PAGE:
Mick: But it was a sad gig, you know? It meant the band was finished. I can't really think, as there are so many of them, I've toured so heavily and we always did pretty well. They nearly all were good. We had one or two that were not so good, like when Ian lost his voice, the crowd were singing instead of Ian *everyone laughs*


Gary: He just had to hold the mic out *laughs*


You've played many big festivals, from amongst your many projects, do you have any preference from them to an indoor gig, where you're a lot closer to the crowd?


Jeff: This sort of size is a really good one. The thing is with gigs, it's really weird, as, from the band's perspective, it's the sound on stage that's really important. From the fan's perspective, it's what they hear out front. We tend to, if we can all hear each other well, tend to respond to that and play a bit better. So yeah, I like this sort of size. Any bigger than this and you start to feel a bit lost.


Luca: I think it's probably because you don't lose contact with the crowd...


Like you're feeding back off the energy of the crowd, who then feed off yourselves...


Jeff: Absolutely, yeah.


Mick: The first festival (Reading) I did with Ian (Gillan), he had been there the year before. We were on around the middle of the afternoon. The next time we went, it was a little bit further down the line and the last time we played, we did 3 on the trot, with me anyway. The last one was when we headlined on the Saturday. There was always a good vibe about Reading in those days, it was a marquee one *band agrees*. They knew what they were doing.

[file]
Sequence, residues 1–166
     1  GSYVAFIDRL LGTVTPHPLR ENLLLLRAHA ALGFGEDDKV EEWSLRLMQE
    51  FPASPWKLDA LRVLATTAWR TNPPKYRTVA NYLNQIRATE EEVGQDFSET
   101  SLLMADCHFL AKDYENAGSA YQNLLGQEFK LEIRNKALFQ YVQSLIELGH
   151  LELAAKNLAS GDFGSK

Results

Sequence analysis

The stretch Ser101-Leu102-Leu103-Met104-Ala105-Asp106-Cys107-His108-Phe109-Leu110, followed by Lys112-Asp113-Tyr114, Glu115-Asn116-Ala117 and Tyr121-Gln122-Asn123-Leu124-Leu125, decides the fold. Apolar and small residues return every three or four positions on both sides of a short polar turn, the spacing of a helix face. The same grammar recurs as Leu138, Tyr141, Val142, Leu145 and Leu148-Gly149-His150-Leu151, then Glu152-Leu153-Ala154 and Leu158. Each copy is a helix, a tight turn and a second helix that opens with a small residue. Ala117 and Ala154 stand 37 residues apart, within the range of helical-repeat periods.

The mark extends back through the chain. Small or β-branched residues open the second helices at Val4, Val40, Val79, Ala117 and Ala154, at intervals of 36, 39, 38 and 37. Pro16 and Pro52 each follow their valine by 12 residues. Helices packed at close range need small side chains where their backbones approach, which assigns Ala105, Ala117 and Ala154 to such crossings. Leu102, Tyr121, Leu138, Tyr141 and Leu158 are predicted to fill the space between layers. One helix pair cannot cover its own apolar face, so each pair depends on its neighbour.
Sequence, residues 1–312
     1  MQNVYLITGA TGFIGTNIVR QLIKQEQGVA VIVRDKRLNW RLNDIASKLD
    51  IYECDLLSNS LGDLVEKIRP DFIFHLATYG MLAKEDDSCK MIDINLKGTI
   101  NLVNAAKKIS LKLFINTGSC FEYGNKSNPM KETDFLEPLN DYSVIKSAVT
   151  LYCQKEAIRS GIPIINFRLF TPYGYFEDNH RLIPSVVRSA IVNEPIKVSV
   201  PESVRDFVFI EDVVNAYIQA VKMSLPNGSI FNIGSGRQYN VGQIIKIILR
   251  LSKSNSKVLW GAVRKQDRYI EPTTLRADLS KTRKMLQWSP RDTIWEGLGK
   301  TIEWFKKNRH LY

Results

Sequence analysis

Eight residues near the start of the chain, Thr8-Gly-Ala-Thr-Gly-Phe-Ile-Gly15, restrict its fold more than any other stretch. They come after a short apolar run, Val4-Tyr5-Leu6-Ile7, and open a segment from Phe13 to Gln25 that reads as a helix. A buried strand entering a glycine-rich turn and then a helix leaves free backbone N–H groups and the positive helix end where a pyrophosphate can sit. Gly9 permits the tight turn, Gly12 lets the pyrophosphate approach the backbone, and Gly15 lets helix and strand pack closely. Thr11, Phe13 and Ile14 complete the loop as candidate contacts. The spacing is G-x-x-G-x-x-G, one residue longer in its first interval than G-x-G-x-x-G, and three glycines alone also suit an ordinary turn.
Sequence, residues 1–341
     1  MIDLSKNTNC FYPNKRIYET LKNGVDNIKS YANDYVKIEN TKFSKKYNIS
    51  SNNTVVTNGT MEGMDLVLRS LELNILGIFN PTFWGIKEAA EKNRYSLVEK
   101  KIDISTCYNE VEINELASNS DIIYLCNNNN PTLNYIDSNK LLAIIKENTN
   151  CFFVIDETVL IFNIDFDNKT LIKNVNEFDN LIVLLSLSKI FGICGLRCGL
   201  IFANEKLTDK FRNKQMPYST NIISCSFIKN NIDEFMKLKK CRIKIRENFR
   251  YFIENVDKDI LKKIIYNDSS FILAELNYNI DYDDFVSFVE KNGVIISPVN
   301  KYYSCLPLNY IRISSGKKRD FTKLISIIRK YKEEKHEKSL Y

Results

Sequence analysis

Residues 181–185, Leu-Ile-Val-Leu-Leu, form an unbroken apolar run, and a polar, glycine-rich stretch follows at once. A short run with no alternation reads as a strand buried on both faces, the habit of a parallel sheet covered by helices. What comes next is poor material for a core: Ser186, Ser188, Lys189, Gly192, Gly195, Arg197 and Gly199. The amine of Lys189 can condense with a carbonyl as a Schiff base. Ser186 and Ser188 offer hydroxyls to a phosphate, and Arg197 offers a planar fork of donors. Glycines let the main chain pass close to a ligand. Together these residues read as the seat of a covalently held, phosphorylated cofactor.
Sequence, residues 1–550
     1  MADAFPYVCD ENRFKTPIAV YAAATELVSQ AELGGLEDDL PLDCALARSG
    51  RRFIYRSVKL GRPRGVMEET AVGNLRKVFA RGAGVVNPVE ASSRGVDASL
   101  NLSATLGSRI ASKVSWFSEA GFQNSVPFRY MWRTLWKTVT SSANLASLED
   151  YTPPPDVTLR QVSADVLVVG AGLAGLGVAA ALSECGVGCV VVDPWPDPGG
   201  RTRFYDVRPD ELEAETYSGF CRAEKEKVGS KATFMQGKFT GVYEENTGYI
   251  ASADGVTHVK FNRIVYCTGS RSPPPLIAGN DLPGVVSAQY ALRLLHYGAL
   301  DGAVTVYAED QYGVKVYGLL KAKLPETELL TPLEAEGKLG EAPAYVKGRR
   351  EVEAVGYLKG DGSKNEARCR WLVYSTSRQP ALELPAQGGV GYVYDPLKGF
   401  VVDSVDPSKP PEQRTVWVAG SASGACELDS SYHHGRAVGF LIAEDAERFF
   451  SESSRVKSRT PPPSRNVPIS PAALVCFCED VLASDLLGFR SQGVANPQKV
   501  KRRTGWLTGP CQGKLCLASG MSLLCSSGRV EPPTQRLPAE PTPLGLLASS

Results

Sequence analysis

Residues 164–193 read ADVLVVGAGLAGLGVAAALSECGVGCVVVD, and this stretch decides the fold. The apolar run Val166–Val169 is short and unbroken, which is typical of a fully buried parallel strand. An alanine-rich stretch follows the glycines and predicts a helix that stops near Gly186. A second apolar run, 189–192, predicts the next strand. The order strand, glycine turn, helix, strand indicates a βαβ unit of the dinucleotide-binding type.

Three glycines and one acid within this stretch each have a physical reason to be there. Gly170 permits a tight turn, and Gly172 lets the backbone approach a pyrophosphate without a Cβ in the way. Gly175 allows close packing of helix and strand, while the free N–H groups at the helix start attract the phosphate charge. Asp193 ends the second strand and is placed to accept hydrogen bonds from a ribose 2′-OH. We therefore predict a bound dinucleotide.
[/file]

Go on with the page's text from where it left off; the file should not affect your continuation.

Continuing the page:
Luca: Don't get us wrong, if we are invited to play in front of 1,000,000 people, we'll be ready for it. Any gig is fine for us.


Is there anyone any of you has played with that has had any strange demands on riders or diva fits?


HRH NWOBHM Glory Road Jeff


Jeff: Yeah, I personally toured with Blue Oyster Cult in about '86 and they just didn't talk to anyone. I don't think they had any demands like pink smarties only, or m&ms, whatever it was, they just didn't communicate at all. To be fair, Hawkwind as well. They actually had us slung off the tour. Just as our album was being released.


Do you mind me asking what for?


Jeff: Not only did they get us slung off the tour, they got us slung off The Agency, as well. They insisted that if we weren't thrown off The Agency, they were going to leave The Agency. It was THE agency, the biggest one. They had most of the biggest bands at that particular time. Basically, as a young and upcoming band, we opened the door and introduced ourselves, and they were just like fuck off, and that was the end of that!